Police officers and prison guards fired due to COVID-19 vaccine requirements in the Lower 48 are welcome to apply to job openings in Alaska but are not being specifically recruited by the Alaska Department of Public Safety or the Alaska Department of Corrections, officials said this week.
Both agencies have had problems filling vacancies, and in a Wednesday social media message, Gov. Mike Dunleavy said that if a law enforcement officer has been fired after refusing to get vaccinated against COVID-19 or for refusing to say whether they have been vaccinated, they should consider Alaska.
The state does not have a vaccination requirement for state employees, and Dunleavy has said he will not impose one.
“Alaska’s law enforcement community invites you to consider the 49th state where we back the blue,” the governor’s social media post said.
Rep. Liz Snyder, D-Anchorage and co-chair of the Alaska House Health and Social Services Committee, said that kind of message is problematic, given that Alaska has the highest COVID-19 case rate in the nation. (On Thursday, state hospitals reported a record number of COVID-19 patients.)
“Posts like that run counter to the recommendations that we get from (the Alaska Department of Health and Social Services) and the communications that we’re hearing from DHSS on how we can mitigate continued extensive community spread,” she said.
Jeff Turner, a spokesman for the governor, said the social media post didn’t represent a new policy or push, just “a normal recruiting process.”
Monday was the deadline for public employees in Washington state to be vaccinated against COVID-19, and 92% of the state’s 62,000 employees, including most of its prison guards and state patrol officers, did so.
That left dozens, including 74 commissioned trooper officers, who resigned and may be looking for new jobs. Police departments in other states and cities are seeing similar trends. Dunleavy’s social media post linked to an article about Chicago’s police department.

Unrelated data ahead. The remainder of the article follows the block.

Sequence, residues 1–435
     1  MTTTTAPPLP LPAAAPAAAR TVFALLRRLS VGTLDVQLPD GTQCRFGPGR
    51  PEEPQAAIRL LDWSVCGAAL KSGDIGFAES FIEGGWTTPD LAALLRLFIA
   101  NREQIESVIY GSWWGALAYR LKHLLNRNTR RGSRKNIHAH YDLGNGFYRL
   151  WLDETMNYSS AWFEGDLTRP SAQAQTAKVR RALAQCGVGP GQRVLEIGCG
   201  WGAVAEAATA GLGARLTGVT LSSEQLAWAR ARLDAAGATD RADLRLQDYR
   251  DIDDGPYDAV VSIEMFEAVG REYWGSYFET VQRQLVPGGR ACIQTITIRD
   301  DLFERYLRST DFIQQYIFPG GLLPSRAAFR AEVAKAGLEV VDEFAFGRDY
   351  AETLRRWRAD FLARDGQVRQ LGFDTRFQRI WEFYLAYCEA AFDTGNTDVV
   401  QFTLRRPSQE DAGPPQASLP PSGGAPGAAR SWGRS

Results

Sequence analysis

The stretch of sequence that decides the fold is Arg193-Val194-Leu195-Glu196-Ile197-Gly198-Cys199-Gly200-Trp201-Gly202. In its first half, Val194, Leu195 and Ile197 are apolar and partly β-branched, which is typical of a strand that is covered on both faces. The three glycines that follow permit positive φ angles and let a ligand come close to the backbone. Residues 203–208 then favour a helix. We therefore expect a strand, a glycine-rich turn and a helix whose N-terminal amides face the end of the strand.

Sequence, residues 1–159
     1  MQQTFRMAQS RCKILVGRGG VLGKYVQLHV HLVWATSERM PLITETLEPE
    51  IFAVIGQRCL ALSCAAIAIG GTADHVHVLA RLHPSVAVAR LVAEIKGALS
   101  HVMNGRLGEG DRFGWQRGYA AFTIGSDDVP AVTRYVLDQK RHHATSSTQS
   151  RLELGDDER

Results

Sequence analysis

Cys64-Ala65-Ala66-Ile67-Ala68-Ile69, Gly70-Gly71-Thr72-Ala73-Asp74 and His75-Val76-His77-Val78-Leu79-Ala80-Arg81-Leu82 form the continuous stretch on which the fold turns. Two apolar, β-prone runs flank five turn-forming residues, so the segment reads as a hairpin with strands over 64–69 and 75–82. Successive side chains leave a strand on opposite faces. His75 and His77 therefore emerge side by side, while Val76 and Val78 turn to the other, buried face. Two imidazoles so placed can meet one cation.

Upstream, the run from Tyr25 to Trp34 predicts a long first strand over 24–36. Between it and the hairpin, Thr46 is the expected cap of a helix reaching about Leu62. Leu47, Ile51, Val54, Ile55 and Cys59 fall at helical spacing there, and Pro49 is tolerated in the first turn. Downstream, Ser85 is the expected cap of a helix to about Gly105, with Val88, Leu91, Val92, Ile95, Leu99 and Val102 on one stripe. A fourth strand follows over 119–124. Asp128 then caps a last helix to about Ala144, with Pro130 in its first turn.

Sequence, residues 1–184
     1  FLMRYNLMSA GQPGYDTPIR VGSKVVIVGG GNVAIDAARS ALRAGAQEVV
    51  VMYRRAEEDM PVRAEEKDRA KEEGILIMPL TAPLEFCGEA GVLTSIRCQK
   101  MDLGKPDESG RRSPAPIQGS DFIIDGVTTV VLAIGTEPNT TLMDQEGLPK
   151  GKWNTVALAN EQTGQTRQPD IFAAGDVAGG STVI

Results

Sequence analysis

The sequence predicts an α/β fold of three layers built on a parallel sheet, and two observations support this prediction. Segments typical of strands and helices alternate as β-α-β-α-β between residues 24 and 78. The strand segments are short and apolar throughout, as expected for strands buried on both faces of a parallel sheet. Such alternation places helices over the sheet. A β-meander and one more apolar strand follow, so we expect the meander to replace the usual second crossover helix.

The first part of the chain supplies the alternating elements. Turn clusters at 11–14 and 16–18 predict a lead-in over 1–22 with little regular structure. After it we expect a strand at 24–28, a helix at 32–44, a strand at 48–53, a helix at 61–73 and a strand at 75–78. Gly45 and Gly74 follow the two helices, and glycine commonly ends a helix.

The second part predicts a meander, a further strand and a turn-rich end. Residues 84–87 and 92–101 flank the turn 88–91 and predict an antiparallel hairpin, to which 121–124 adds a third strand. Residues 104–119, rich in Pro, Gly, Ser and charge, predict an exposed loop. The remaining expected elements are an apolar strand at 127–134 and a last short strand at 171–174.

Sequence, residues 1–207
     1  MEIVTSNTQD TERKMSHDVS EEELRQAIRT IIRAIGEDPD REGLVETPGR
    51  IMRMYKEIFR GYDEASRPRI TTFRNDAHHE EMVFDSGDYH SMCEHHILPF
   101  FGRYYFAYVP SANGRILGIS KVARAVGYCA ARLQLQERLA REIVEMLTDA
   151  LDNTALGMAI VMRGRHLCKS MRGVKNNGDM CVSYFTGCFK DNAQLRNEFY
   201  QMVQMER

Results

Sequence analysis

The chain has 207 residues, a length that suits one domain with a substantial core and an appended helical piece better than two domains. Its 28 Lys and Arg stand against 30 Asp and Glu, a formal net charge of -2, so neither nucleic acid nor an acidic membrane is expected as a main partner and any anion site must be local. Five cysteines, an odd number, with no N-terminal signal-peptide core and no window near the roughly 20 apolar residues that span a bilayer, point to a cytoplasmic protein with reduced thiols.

Betsey Holley, a spokeswoman for the Alaska Department of Corrections, said on Thursday the state has 1,064 positions for correctional officers, and all but 95 have either been filled or been offered to applicants.
The department has previously said that it struggles to retain and hire correctional officers, and members of the union representing those officers said in 2020 that it loses about 120 per year due to turnover, creating openings that must be filled.
Holley said in a Wednesday email that the department is willing to hire officers fired in other states because of vaccine requirements, but it hasn’t targeted recruitment efforts toward those officers.
“If you read some of the posts that are on our Facebook page, there have been people that have responded to (a recruitment) Facebook post saying, ‘Oh, do you mandate vaccines?’ It’s just interesting that that’s the way people are thinking. But yes, we’ll welcome their applications if they want to apply,” she said by phone Thursday.
Austin McDaniel, a spokesman for the Alaska Department of Public Safety, said the agency has seen an increase in “lateral trooper applications” this year. Those are police officers in other departments who are interested in becoming troopers.
He said it isn’t clear whether that’s because of vaccination mandates, but new statistics could be available by early December. He also confirmed that the department isn’t specifically targeting fired officers for recruitment but is willing to take their applications.
“The Alaska State Troopers are not running any targeted advertising addressing COVID-19 or the vaccine mandates occurring across the nation at the local, state and federal level. We would encourage any qualified applicant looking for an exciting career in law enforcement to consider a career with the Alaska State Troopers,” he said Wednesday.
In a report presented to the Alaska Legislature this spring, Department of Public Safety officials said attrition rates in the department have declined in recent years, but retention and recruitment are a top priority.
“We offer an extremely competitive salary for the Alaska State Troopers. And we also hear from a lot of our lateral applicants that they’re looking for an environment where the community, elected officials, and command staff support law enforcement. And that’s definitely the case in Alaska right now,” McDaniel said by phone Thursday. “So those are the main drivers that we are hearing anecdotally from applicants when they apply and when our recruiting team speaks with them.”